• Dishwasher or 3-compartment sink
  • Mugs and plates (espresso, 8oz, 12oz, and more if you choose)
  • To-go supplies

Stage 3: Set Up

Design the Front of the House

The front of the house is all about the customer’s experience! Consider what kind of atmosphere you want to create and how you want people to move through the space. 

At the counter, you do not want your customers to be confused. They need to know where they need to place their order, how they should form a line, or where they should pick up their drinks. In my experience, this can be communicated with simple, clear signage and an intentional layout. 

If you plan on providing seating, think about how you want your customers to use the space. If you want to provide a space for people to hold meetings, make sure you have larger tables and quiet space. The more comfortable the seating, the more at home your customers will make themselves. Providing variety will allow for a variety of patrons. 

Finally, you need to be intentional about your decor. If you want an open space, designers recommend using lighter colors, bright natural lighting, and minimal decor. Whereas, if you want a more cozy atmosphere designers recommend darker colors, soft warm lighting, and lots of texture in your decor. 

Design the Back of the House

The back of the house is all about the employee experience. The priority here is organization and workflow. Consider what work needs to be done in the space and what you can do to make it easy and fast. 

As someone who has worked in multiple coffee shops, I can attest to the importance of workstations and clear organization. Workstations ensure that everything needed to do a specific job is within arms reach. And clear organization makes it easier to keep the space clean, and stress-free. 

Note: You can make adjustments over time. In the early stages of opening, get feedback from your team and adjust the space to improve workflow. 

Hire and Train Your Team

You have a vision and plan for your coffee shop but you can’t create it alone. The team you hire is vital to achieving and maintaining that vision. The number of employees you need will depend on what you plan on offering and how active a role you plan to play in daily operations. 

It’s recommended that you start by determining your team and management structure.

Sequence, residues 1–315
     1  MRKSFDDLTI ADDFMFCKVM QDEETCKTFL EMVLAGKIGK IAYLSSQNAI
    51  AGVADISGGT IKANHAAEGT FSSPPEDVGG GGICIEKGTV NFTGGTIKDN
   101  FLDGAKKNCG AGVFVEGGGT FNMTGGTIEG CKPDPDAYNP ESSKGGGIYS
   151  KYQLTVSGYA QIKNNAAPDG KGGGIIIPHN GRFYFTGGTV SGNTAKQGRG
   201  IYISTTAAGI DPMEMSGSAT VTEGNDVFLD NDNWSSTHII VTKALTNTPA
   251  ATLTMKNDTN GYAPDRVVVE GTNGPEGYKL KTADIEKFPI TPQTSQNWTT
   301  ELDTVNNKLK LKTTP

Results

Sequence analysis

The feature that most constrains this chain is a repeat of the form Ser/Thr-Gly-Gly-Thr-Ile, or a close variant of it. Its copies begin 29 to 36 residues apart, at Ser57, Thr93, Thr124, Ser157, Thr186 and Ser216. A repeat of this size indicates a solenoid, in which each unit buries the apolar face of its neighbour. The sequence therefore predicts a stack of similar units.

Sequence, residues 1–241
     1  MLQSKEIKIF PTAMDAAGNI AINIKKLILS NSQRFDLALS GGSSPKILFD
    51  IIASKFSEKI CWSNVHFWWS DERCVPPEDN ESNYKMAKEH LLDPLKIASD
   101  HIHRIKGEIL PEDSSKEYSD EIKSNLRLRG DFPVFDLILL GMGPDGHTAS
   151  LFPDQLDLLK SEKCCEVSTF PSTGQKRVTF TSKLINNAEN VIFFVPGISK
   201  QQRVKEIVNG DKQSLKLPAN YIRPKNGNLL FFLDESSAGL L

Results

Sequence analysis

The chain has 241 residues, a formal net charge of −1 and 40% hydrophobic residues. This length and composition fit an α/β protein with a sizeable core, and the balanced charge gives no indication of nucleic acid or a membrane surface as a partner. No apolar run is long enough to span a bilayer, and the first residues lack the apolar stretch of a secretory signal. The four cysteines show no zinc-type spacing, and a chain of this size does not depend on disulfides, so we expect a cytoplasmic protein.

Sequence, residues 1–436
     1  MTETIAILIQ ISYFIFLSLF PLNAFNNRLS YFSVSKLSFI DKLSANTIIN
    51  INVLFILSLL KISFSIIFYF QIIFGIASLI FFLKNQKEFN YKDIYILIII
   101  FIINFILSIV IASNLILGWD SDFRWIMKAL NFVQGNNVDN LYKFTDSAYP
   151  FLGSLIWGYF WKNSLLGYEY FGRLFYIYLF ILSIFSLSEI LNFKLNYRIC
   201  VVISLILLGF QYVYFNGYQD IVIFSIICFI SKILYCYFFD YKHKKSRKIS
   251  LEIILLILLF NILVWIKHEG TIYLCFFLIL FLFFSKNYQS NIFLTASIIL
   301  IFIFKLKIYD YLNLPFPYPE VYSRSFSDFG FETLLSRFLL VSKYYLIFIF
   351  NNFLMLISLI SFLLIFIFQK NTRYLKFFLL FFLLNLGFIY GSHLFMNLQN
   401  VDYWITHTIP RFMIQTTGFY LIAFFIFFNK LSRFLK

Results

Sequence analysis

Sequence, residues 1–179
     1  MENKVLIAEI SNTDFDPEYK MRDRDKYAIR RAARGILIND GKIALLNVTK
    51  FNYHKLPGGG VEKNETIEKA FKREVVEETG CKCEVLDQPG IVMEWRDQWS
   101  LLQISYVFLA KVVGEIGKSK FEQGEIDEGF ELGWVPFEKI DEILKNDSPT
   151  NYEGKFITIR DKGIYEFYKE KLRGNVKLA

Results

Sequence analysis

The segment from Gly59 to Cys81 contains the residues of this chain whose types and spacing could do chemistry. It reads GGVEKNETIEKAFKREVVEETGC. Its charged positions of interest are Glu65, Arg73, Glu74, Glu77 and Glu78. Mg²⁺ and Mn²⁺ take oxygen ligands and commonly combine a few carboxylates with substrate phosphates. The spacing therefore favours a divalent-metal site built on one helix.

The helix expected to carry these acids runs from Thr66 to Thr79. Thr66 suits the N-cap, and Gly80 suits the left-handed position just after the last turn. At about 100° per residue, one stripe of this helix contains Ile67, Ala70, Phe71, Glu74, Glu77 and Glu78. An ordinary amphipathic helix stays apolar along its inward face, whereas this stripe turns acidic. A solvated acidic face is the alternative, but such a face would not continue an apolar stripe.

• What roles need to be filled?
  • What areas are you lacking?
  • What are the responsibilities of each role?
  • What makes someone qualified for each role?
  • What are you going to train and what should they already know? (This will vary for each role)

Once you have done this, it’s important for you to start by hiring from the top down. Find managers with a management style that fits well with you and your cafe. 

Are you a coffee expert? If not, consider hiring a head barista. Look for someone with a great deal of experience and knowledge who can help you with the training process. 

Speaking of training, one thing I learned working at Dutchbros Coffee is the importance of thorough training. They have a well-known intense training process that involves multiple stages and testing. It results in every employee being able to fill any role and maintain consistent quality service. 

You do not need to model Dutchbros, but, whatever you do, do not cut corners when it comes to training. It may seem like an unnecessary personnel expense, but consistent, quality service from every employee is what ensures repeat business and positive reviews. 

Market Your Cafe

There is no point in opening a beautiful cafe where you make delicious coffee and serve tasty pastries if no one shows up. How are people going to show up if they don’t know you exist? Marketing is what introduces the public to your coffee shop and keeps your name in their brain.